Memorial Day Summer Holiday Safety

American Flag on Beach



For most families, Memorial Day marks the beginning of summer fun like barbeques, boating, lakes or beach trips, and ATVs. With all those fun, summer activities, comes great risks for injuries. Did you know that on average, 9,600 home fires are started by outdoor grilling? Here’s what you can do to help prevent grilling related injuries (1):

  • Only grill outside, at least 3ft away from your home, and establish a “grilling zone” that extends 3ft from your grill all the way around. Teach children that they shouldn’t be closer to the grill than that.
  • Once the grill is lit or the flames have started, don’t walk away from your grilling station. Always keep your eye on it.
  • Clean your grill. Remove grease and clean the grates prior to use.
  • Use long handled tools and keep all lighters and fire-starters securely out of reach of children.
  • When using charcoal, remember that once the coals have cooled, place them in a metal can. Never throw them away.

BBQs aren’t the only thing most families look forward to on Memorial Day. Most gather with family and friends to enjoy the water. Whether that’s a pool, lake, or ocean, water fun comes with inherent risks for children. Can your children swim? If you’re a family that likes to enjoy the water, it’s a good idea to make sure your children learn to swim from either you or structured swim lessons before the summer water season begins. Consider these tips if your family plans to enjoy the water:

  • Assign a water watcher, someone whose only focus is to keep their eyes on the children in the water and rotate out the water watcher so that no one loses focus.
  • Use U.S. Coast Guard approved life jackets correctly sized to your child any time you are on a boat. Use this tool to help determine what life jacket to use.
  • Teach your children water survival techniques, especially if you plan to be near open water.
  • Learn CPR and basic water rescue skills.
  • Always use designated swimming areas and lifeguard supervised swim zones when possible.

The water isn’t the only way to enjoy the great outdoors with your family. In Tennessee especially, families like to get outside on ATVs as the weather warms up. Unfortunately, ATV-related injuries are a leading cause of trauma admissions at Monroe Carell Jr. Children’s Hospital at Vanderbilt. While we fully support the American Academy of Pediatrics (AAP) and the American College of Surgeons (ACS) recommendation that children age 16 and under should not ride on ATVs due to the high risk of serious injury, if parents plan to allow their children to ride ATVs despite the known risks, these safety measures are strongly encouraged:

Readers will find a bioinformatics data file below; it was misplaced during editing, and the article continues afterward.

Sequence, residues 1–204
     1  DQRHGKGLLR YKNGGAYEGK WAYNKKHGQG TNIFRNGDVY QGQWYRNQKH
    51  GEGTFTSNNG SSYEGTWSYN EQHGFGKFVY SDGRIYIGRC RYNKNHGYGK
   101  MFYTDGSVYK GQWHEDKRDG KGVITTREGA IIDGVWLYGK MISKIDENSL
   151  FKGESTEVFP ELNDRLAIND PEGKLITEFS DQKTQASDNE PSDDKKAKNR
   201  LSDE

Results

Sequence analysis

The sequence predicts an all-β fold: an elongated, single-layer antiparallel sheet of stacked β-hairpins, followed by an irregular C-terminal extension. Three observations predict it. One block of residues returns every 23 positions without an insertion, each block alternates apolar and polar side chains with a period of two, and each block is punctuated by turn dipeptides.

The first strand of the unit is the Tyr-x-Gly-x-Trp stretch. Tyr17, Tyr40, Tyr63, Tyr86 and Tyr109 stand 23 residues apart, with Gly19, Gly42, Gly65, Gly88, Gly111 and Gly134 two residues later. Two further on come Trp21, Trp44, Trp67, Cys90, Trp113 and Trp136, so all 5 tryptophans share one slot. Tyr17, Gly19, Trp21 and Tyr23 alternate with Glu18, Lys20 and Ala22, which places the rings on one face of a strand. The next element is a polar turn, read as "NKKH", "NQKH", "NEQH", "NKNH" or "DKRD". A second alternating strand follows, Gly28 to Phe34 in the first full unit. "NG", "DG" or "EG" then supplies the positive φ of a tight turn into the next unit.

• Any child younger than 16 should not ride on adult-sized ATVs. They are twice as likely to be injured on an adult ATV compared to children who ride on youth-sized ATVs. Refer to manufacturer’s recommendations for the appropriate size ATV.
  • Always wear protective gear, especially a helmet, when riding ATVs. Head injuries are by far the leading cause of death and disability related to ATV crashes. Helmets reduce head injuries by 85 percent. Wear a motorcycle or motorized sports helmet and make sure it is certified by the U.S. Department of Transportation or the Snell Memorial Foundation.
  • ATVs are meant of a single rider. They are not meant to carry passengers.
  • ATVs are not meant to be driven on asphalt or concrete roads. Traveling on the road decreases stability of the ATV.
  • Do not drive an ATV while under the influence of any alcohol or drugs.
  • Take a hands-on ATV safety course, like the one offered through the ATV Safety Institute here

To learn more about ATV safety visit our website here.

This Memorial Day, take a few minutes to educate yourself and your family on ways to stay safe while you enjoy the first big holiday of the summer. Take the necessary precautions and make sure that your family keeps safety in mind as you dive into summer fun!